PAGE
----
Get valuable tips and techniques for automating your cloud deployments with Azure PowerShell cmdlets, and learn how to provision Azure services on the fly. In this hands-on guide, Microsoft cloud technology expert Michael Washam shows you how to automate various management tasks and deploy solutions that are both complex and at scale.
By combining the native automation capabilities of PowerShell with Azure Infrastructure Services, these powerful cmdlets enable you to create and configure virtual machines with ease. You’ll learn how to take advantage of these technologies to build complete virtual networks. If you have experience with PowerShell and Azure, you’re ready to get started.
Install and authenticate cmdlets to set up your environment
Create and update virtual machines with Azure platform images
Manage network endpoints, access control lists, and IP addresses
Use cmdlets to manage and configure virtual machine storage
Automate Azure virtual networks with hybrid technologies such as site-to-site, point-to-site, and ExpressRoute
Dive into advanced virtual machine provisioning capabilities and management techniques
Learn tips and tricks for deleting or moving virtual machines within (or out of) your subscription
Automating Microsoft Azure Infrastructure Services
Michael Washam is the CEO and Co-Founder of Opsgility – http://www.opsgility.com. Opsgility delivers instructor-led, remote-classroom and on-demand training focused on Microsoft cloud technologies. Michael has extensive history in the IT Industry where he has worked as an IT Professional, Developer, Evangelist and Program Manager. While at Microsoft as a Senior Program Manager on the Microsoft Azure Runtime Team, Michael led the release of the Microsoft Azure PowerShell Cmdlets for compute and the Microsoft Azure SDK (runtime). As a Senior Technical Evangelist Michael worked on the initial Microsoft Azure Infrastructure-as-a-Service launch. In this role Michael also shipped the IaaS Microsoft Azure training kit, and the Microsoft Azure PowerShell Cmdlets for IaaS and Cloud Services.
Michael is a globally recognized speaker at conferences such as BUILD and TechEd, avid blogger, speaker, and trainer on cloud computing, debugging, and DevOps.
The animal on the cover of Automating Microsoft Azure Infrastructure Services is a saltwater crocodile (Crocodylus porosus), the largest of all living reptiles. Found near the coast of Southeast Asia and northern Australia, a great deal of the cold-blooded saltwater crocodile’s life is spent regulating the temperature of its very large body. If too cold, it will bask on rocks in the sun; if too warm, it submerges most of its body in the water to cool off. Though salties, as they are also called, can be found making this movement between saltwater sea and land, they are also often found in the fresh or brackish water of swamps, estuaries, and rivers.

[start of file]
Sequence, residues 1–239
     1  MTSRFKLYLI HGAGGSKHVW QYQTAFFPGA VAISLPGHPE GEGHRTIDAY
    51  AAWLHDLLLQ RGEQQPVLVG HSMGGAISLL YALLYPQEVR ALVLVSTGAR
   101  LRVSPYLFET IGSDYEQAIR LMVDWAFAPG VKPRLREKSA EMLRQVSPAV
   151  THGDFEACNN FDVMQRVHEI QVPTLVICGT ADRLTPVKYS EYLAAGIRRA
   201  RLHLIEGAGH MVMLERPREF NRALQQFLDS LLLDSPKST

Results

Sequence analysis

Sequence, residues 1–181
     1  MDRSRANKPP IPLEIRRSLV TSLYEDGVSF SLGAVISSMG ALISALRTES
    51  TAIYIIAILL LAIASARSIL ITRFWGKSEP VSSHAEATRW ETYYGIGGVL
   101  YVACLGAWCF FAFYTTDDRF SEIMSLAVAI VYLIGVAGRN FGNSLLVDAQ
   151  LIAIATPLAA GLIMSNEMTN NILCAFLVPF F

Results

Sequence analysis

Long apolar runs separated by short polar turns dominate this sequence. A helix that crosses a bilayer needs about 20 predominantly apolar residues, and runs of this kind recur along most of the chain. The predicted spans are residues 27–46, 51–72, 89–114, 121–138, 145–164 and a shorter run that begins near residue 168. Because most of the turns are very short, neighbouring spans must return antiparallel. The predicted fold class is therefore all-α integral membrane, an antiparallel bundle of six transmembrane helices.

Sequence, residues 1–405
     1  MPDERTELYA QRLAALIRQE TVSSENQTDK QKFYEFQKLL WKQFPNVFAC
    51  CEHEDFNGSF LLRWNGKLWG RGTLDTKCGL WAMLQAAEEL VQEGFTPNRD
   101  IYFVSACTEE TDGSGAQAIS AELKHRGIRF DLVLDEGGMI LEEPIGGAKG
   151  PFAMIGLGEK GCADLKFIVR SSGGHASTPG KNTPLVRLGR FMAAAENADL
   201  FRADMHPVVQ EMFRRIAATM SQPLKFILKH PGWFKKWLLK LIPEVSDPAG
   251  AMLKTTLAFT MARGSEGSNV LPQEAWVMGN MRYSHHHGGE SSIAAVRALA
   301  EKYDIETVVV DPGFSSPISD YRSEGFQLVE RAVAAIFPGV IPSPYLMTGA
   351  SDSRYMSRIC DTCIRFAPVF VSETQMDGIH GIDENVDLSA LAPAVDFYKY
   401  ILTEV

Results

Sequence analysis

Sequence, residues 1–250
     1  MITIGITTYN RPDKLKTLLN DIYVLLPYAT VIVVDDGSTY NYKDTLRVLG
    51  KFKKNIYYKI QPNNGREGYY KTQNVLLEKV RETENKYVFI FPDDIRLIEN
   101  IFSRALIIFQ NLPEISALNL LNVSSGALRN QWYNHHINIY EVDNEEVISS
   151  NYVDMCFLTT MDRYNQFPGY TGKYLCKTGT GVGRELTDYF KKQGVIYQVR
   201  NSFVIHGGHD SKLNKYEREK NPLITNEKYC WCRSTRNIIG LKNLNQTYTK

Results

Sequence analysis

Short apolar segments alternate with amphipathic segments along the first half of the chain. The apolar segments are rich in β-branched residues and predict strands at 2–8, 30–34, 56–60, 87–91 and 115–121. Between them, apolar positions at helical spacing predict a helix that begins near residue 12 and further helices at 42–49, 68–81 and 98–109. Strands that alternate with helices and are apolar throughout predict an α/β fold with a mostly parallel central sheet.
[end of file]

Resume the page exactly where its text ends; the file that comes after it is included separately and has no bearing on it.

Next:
Saltwater crocodiles are apex predators in their environment, meaning they have no natural predators of their own. They are not picky eaters, catching various fish, invertebrates, birds, or small mammals as opportunities arise. Cooling itself off underwater, the saltie finds opportunities to hunt in abundance: beginning with only its eyes and nostrils above water, the croc makes a powerful lunge into the air after prey that may venture near, usually killing its target with a snap of the jaws.
Crocodile species possess an incomparably strong bite due to large, very hard muscles on either side of a croc’s jaw. In fact, scientists estimate the bite force of extinct species such as dinosaurs against that of modern crocodiles. However, though crocodile jaw muscles are optimally arranged for clamping down on prey, the corresponding muscles to open the mouth are weak—a few layers of duct tape suffice to keep the jaws closed.
Many of the animals on O’Reilly covers are endangered; all of them are important to the world. To learn more about how you can help, go to animals.oreilly.com.
The cover image is from Meyers Kleines Lexicon. The cover fonts are URW Typewriter and Guardian Sans. The text font is Adobe Minion Pro; the heading font is Adobe Myriad Condensed; and the code font is Dalton Maag’s Ubuntu Mono.